Tuesday, May 6, 2014

Designing Error Tolerant Systems

One measure of a well written report is that it will will be tossed aside by the reader upon completion with the comment, "Well, duh!  That was obvious."

Consider the common electric fence.  Specifically, I want you to consider a fence that has five strands.

Three of the strands are "ground" strands which will be green in the illustration.  They are barbed wire  which are dotted lines in my illustration.  These three strands were the original fence.  But the city folks who moved in who were not enchanted by Herefords in the Hostas or Angus drinking from their swimming pool.  The insurance company informed the farmer that he would be liable if a drunk in a Prius plowed into one of his ponies.

Fences depreciate in real, physical terms.  The posts rot or rust and lose the ability to hold tension.  The barbs become rounded with rust.  The wire becomes brittle.

The blue lines are "jumpers" where current is "jumped" over gates, around corner posts, over "ground" wires.  There is a very human tendency to assume that if one is good then three are better.

So Mr Farmer decides to beef up the fence with electricity.  Being a frugal sort of fellow, he runs two smooth, "hot" wires (the orange and red lines) between the three barbed, ground wires.  The wires near the bottom of the fence are more closely spaced than the wires that are higher.  The thinking is that if an animal sticks his/her head through the fence that their chin will hit a lower wire and their ears will touch a higher wire.  One will be "hot", one will be "not" and the brain will get an education.

Some farmers even arrange a speed dating event to ensure the local animals get introduced to the fence in the most memorable terms possible.  I tried this once with newly shorn sheep.  I had a mixed flock of commercial cross-bred sheep and a few mama cows.  Sheep are hard to keep in with an electric fence.  Something about that 6" of wool being a good insulator.  I figured that the best time to reinforce their respect of the fence was when they were strutting around buck naked.

I spread a line of corn almost beneath the fence, knowing that they would inadvertently bump into it.  I stood off to the side to watch.  The ewes started vacuuming down the corn.  A cow ambled up and punted the ewe through the fence.  As far as that cow was concerned, that corn was her corn.  It happened so fast I am not sure the ewe got poked.  And there I stood like a dummy, fence down and the ewes high-tailing it for Ingham County.

Our intrepid farmer finds himself out on many a dark and stormy night trying to troubleshoot shorts and rounding up animals.  This is not a fun way to farm.

He walks the perimeter fence, listening for the "snap" of the line arcing to the short.  He scans, looking for the faintest of arc flashes.  I once found a short that involved the carcass of a yellow jacket that spanned from the hot wire to the T post.  It made a dandy snap-and-arc.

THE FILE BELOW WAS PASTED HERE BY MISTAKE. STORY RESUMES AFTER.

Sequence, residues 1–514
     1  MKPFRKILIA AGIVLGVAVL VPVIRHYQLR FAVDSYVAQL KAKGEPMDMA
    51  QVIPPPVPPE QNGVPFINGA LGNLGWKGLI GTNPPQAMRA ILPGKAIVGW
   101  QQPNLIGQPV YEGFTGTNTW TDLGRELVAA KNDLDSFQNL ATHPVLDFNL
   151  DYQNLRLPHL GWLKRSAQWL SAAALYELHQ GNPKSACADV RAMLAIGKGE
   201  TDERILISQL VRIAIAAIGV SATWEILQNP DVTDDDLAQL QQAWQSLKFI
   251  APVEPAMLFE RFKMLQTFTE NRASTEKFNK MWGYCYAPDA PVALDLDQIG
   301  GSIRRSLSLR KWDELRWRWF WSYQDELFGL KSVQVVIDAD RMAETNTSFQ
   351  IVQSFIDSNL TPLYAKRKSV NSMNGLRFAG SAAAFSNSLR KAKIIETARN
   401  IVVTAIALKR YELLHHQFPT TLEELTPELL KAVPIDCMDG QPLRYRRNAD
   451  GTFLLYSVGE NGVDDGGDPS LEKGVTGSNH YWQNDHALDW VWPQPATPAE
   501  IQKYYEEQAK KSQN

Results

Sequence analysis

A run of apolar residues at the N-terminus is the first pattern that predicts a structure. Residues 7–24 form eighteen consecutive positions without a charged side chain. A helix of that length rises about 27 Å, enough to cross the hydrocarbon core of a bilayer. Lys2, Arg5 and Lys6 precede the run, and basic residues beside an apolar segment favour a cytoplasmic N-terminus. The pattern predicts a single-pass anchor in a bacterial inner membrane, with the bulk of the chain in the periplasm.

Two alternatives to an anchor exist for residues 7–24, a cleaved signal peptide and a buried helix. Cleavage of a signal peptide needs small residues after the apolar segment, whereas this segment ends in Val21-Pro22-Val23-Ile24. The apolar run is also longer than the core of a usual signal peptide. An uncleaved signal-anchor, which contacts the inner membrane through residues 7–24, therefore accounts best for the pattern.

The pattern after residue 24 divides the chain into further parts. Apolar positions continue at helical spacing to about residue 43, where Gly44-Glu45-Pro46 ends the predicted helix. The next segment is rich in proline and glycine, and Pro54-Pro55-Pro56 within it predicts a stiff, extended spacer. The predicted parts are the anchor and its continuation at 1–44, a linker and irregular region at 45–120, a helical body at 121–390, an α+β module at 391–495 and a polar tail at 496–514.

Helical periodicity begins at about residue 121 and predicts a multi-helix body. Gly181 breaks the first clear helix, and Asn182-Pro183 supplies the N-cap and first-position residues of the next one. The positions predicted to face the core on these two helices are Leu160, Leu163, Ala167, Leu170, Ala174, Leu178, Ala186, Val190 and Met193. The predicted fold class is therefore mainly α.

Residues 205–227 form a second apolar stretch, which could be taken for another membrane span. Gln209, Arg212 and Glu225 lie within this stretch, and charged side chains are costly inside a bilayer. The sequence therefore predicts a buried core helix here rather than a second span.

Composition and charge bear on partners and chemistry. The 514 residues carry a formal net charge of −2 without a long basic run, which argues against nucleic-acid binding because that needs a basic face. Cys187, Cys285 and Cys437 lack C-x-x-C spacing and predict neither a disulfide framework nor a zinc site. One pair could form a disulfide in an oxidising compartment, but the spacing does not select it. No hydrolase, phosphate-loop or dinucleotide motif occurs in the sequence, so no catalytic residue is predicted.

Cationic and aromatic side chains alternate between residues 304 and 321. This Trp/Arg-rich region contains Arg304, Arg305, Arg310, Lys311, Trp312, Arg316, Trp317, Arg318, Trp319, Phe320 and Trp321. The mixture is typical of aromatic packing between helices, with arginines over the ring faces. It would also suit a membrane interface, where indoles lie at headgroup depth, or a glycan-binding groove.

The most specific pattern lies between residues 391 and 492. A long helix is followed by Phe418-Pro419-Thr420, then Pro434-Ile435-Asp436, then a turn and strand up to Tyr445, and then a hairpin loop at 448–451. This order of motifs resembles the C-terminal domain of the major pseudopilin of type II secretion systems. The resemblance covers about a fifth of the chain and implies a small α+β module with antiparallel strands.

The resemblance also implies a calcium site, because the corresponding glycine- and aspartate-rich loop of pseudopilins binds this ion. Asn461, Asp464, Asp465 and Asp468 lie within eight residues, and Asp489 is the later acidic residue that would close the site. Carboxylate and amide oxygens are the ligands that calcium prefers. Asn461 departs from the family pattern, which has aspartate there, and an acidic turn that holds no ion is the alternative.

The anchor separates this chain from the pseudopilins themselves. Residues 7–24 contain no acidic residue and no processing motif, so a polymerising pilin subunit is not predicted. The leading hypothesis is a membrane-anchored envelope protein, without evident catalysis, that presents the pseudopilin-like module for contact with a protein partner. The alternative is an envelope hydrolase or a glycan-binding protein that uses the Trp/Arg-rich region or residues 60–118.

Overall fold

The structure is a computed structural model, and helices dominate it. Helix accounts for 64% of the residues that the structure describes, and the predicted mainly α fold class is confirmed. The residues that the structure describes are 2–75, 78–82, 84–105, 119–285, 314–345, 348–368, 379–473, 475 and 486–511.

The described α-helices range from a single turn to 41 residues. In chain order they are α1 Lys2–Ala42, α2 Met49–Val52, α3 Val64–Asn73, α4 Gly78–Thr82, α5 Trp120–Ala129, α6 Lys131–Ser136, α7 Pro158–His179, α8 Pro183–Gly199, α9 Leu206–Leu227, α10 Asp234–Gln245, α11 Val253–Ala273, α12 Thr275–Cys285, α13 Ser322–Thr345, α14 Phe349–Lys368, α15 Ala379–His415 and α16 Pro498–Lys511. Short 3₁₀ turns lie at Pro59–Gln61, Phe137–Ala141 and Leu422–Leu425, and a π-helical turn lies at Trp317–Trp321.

If no short is generous enough to self-declare, he walks the line, clearing debris from the line a foot at a time. Rusty wire is indistinguishable from dead, wet weed stalks.

A better way

An earlier post on this blog involved troubleshooting based on "search by bisection".

Almost all shorts in the fence occur in the lower strand due to the ground trash that blows or gets pushed into the wire.  Some runs of fence are trashier and more susceptible to shorting out than others.  Another factor is that the lower strands are closer together and it is far more likely for the lowest hot wire to get tangled up in the barbed ground wires then for the more widely spaced upper wires to get tangled.

Troubleshooting can be facilitated by subdividing the bottom strand into segments of approximately equal risk of shorting out.  Each separate run of bottom wire is fed with a single jumper from the top, "bus" wire.

For the Eaton Rapids Joe operation it would be logical to separate the perimeter fence into about 8, isolated runs of bottom wire.  

Jumping right to the next level of sophistication involves passing the jumper through an impedance/telltale.  That is, a lamp.  In a sense, we are engineering that fortuitous yellow jacket into every place where it is logical to "search by bisection."

Putting a lamp into the circuit does two things.  One is that it provides a visible telltale when the stretch of wire downline of the lamp is shorted.  The other thing the lamp does is that it partially isolates the compromised stretch of line from the remainder of the fence.  Shorting out one stretch of bottom wire still leaves the entire top wire hot and seven of the eight runs of bottom wire hot.

Key points:
  • Evaluate risks and segment accordingly
  • Completely decouple (firewall) the highest risk segments from each other
  • Partially decouple the highest risk segments from the "bus" segment
  • Choose a decoupling method that declares or strongly signals when the high risk segment is compromised
  • Expeditiously deal with the physical events that degraded the system
You won't see these strategies applied to in many social engineering scenarios.  Quite the pity, really.

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